"My sisters finished college and are now married. The youngest one got married last year. My brother is now employed and plans to marry soon. My husband works as a pathologist and earns enough to support us. My son is in college and daughter in high school. Thanks to your intervention we were able to make do with the amount Tata Steel gave us as monthly interest and we had enough money left to get my sisters married. As for my uncles, they abandoned us when they learnt that no money was coming their way. Were it not for you, my uncles would have controlled our finances and left us paupers in no time. My husband was young and inexperienced as were the rest of us. We had said a lot of unpleasant things about you. My uncle had convinced us that you were out to swindle money and that at the end of it when my sister turned 18 we would get nothing. With time we realized what you had done was actually a favor. I was hesitant to talk to you after all that had happened. I could not restrain myself today. Our family is greatly obliged to you and we will remember you always."

We were speechless for sometime not knowing what to say. The girl then invited us to her house and we left after promising her that we would definitely do so in the near future.

A few days later my husband pointed to another man and said the he was the uncle who set the children against him. The uncle stayed in the neighborhood and had yet abandoned these children who had lost both parents within a span of three years. I just could not digest it.

"i think it was good he abandoned them"said my husband. "Had he been in touch he might have swindled the meagre amount these children got as interest."

And he was right. So what if he takes pride in being able to recognize faces!



starry eyed said...

Gosh, what a story! Kudos to your husband for having stuck to his principles, ethics and trusted his instinct, so many people are having a better life because of that.

My husband is awesome at recognising faces too...he points at some person in a crowded place, says that was his classmate in 3rd standard and then tells me his whole family and business history! I, on the other hand, stare dumbly at long-lost friends and stammer foolishly that I can't remember where and when I knew them :(

frissko said...

Doing the right things for things concerning you is one thing. Going out of your way to set things right for people who you aren't responsible for in any way needs you to be on a totally different plane. Tell your husband he has a fan. My dad was a lot like that, and the number of peoples' lives whose paths he had altered (in a good way) is quite a handful, so in a way this post reminded me of him...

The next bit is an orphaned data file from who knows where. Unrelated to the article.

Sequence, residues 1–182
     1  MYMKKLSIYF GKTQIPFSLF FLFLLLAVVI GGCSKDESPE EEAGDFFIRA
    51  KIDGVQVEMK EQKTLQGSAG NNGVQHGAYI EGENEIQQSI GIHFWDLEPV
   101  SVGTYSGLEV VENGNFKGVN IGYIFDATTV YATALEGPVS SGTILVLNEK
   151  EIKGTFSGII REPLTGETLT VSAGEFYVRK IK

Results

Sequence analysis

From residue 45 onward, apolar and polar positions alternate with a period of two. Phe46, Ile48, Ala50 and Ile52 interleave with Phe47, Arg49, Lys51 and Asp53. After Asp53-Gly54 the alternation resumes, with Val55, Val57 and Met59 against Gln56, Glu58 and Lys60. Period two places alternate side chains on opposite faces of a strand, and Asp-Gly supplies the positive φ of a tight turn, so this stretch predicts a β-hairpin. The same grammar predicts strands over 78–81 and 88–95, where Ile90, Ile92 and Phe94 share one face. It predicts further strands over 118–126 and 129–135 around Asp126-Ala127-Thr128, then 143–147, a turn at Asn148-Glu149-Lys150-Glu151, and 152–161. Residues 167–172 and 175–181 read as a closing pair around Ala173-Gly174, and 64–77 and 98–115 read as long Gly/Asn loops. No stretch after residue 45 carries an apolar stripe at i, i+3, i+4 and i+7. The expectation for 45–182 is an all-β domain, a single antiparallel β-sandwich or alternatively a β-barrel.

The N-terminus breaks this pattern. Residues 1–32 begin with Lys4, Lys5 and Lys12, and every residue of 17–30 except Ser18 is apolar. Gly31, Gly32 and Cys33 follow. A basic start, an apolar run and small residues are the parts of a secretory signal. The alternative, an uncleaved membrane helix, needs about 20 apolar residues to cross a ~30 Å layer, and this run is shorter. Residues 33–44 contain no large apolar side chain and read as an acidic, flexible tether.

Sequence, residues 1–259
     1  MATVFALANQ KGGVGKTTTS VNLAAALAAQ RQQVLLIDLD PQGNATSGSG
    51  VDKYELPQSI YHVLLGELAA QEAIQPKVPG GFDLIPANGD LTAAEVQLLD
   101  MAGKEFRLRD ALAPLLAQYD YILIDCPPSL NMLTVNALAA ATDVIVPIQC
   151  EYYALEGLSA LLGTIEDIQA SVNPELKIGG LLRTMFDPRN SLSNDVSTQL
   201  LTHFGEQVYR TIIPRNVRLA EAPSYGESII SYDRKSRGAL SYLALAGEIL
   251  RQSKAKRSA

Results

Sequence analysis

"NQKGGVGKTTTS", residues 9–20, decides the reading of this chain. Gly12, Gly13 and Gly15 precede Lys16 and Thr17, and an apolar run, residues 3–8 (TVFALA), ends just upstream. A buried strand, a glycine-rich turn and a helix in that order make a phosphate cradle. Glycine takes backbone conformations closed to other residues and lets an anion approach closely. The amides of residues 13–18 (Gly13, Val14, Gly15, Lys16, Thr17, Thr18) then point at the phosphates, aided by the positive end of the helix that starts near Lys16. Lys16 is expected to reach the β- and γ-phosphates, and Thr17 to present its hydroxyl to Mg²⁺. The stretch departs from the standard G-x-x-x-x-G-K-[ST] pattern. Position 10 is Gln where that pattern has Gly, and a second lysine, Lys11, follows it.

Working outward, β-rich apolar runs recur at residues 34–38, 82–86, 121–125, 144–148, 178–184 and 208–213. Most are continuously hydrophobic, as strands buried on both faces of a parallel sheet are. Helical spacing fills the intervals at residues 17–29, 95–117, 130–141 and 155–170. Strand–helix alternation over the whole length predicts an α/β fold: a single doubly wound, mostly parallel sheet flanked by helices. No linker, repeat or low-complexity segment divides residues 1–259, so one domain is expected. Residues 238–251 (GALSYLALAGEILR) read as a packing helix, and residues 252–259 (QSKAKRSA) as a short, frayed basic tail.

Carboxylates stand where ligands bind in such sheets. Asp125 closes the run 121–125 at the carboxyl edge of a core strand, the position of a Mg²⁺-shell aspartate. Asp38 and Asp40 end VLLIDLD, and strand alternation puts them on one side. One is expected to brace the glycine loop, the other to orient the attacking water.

Hip Grandma said...

starry eyed:yes, I too felt that he was being adamant about trying to help people who don't understand his intent but since it all turned out to their bebefit i have to give him credit. And I do.

frissko:thanks on behalf of my husband. He deserves to have a fan for being the person he is.

Shachi said...

Great write-up! and Kudos to uncle :) We need more and more people like him in the society.

dipali said...

What a wonderful story! hats off to your husband for taking such a strong and correct stand.

Hip Grandma said...

Shachi:Yes, it was very thoughtful of him and we are glad that the children finally understood that there was no foul play on his part.

dipali:there are tuimes when I wish that he would not be so rigid. But ultimately I have to admit that he was indeed right.

hillgrandmom said...

That was a great story HHG. Your husband must have felt so happy for sticking to his ideas.
I did have a good memory for faces and names. Unfortunately now I find I still remember faces, but can't easily put names to them :-(

Hip Grandma said...

hillg'mom:Thanks. My husband does feel puffed up when I tell him about the compliment he gets and I think he deserves it. He can be adamant if need be but in the end it is always for the benefit of someone in the family or outside it. I amm very bad at remembering faces.

Sue said...

That is a fantastic, heart-warming story, HHG. I'm so proud of your husband and his colleagues. Most people I know would have given in.

Hip Grandma said...

sue;Thanks sue. i think it was a very nice gesture on the part of the department to support the children till their father's settlement dues were channelized.

radha said...

Nice that the kid acknowledged the kind deed of your husband. Good foresight.